The most economically backward and deprived part of Pakistan, FATA remains subject to British colonial laws that allow the imposition of collective punishment.

The fighting of the last four days is widely reported to have caused more thirty thousand people to flee their homes.

Based on information supplied by researchers on the ground in Lower Dir, Amnesty International reported Tuesday that in the Maidan tehsil (sub-district) “bodies were left lying on the streets and in the fields because people were too afraid to move them.”

“Neither the Taleban nor the government forces seem to care about the well-being of the residents of Lower Dir,” said Amnesty International’s Asia-Pacific director, Sam Zarifi. “The Taleban show no compunction about using civilian areas as combat zones, even knowing that the military will respond with indiscriminate long-distance shelling and aerial bombardment.”

The Dawn, Pakistan’s largest English-language daily, carried a brief report Wednesday that pointed to the conditions that have caused mass flight from Lower Dir. “Helicopters shelled our village and our children were terrified,” said Khan, a driver, who had walked with his family from his native village to Peshawar. “On the way we saw destroyed homes and Taliban carrying Kalashnikovs.”

Officials from the NWFP and FATA told a meeting in Geneva this week that as many as a million people have been displaced by the fighting in northwest Pakistan, with most of the displacements coming in the past 8 months. 

According to authorities in the NWFP more than 550,000 Internally Displaced Persons or IDPs have been registered in that province alone. Officials in faraway Karachi say that between 100,000 and 300,000 IDPs have settled in Pakistan’s largest city. 

The fighting in the northwest has exacerbated communal tensions in Karachi, especially between various Pathan groups and the MQM—a party that claims to represent the mohajirs (descendants of Urdu-speaking Partition refugees) and which previously supported the US-backed dictator General Pervez Musharraf and is now a partner in the country’s Pakistan People’s Party-led coalition government.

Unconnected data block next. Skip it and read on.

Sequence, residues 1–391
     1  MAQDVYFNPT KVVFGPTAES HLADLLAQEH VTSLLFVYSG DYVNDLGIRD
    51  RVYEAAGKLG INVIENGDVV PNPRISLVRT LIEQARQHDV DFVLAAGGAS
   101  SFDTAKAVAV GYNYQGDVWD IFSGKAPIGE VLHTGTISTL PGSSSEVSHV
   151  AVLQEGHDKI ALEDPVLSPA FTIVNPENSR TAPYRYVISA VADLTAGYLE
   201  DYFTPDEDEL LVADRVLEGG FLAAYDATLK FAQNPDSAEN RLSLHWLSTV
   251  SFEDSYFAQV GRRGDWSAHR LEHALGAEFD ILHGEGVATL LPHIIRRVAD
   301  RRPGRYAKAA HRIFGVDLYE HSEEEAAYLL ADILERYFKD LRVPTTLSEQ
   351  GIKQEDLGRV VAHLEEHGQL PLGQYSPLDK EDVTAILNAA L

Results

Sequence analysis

On Wednesday communal clashes erupted between Pathans and mohajirs in Karachi, resulting in at least 20 deaths.

While some camps have been set up for refugees in FATA and NWFP, as many as 80 percent of the refugees are reported to have crowded into the homes of friends and relatives. There are increasing instances of five and six families sharing a single home. 

“It’s a serious humanitarian situation of major magnitude” said Denis McNamara an advisor to the Centre for Humanitarian Dialogue, the organization that sponsored this week’s meeting in Geneva. 

Washington, meanwhile, is adamant that Islamabad intensify and expand the fighting. Indeed, a key conclusion of US President Barack Obama’s “review” of the US strategy to win the Afghan war is that Afghanistan and Pakistan must be considered as constituting a single war theater.

In a further concession to Washington, Pakistan, the New York Times reported Thursday, has agreed to redeploy 6000 troops from its border with India to the country’s Afghan border region. 

The Times report also said that the US is pressing Pakistan to accept more US military trainers and that the issue will likely be raised by Obama at the summit meeting he is to have with Pakistani President Asif Ali Zardari and Afghan President Hamid Karzai May 6-7. The Pentagon admits to currently having about 70 trainers and technical specialists working with the Pakistani military inside Pakistan.

Earlier this month, Richard Holbrooke, the US special envoy to Afghanistan and Pakistan, and the head of the US Joint Chiefs of Staff, Mike Mullen, pressed Pakistani authorities to agree to the mounting of joint US-Pakistani military operations inside Pakistan, but they were rebuffed. An unnamed senior administration official is quoted by the Times as saying, “There’s a red line about our advisors and any foreign boots on the ground in Pakistan right now.’

Speaking to reporters in Washington Wednesday, US Marine Corps General James Conway dismissed Pakistani concerns that the US military “surge” in Afghanistan could exacerbate Pakistan’s crisis. 

General Ashfaq Kiyani, the head of Pakistan’s armed forces, had “expressed concern,” said Conway, “that our forces going into the south could cause a refugee problem that Pakistan is ill-equipped to handle right now, based on their fiscal scenario, and the possibility that we could be forcing Taliban out of the south and onto supply lines that the Pakistani forces are currently trying to protect for us.”  

Conway said it was far from certain the Taliban “will flush to” Pakistan. “But in any event, we’ve got to do what we’ve got to do in the south.”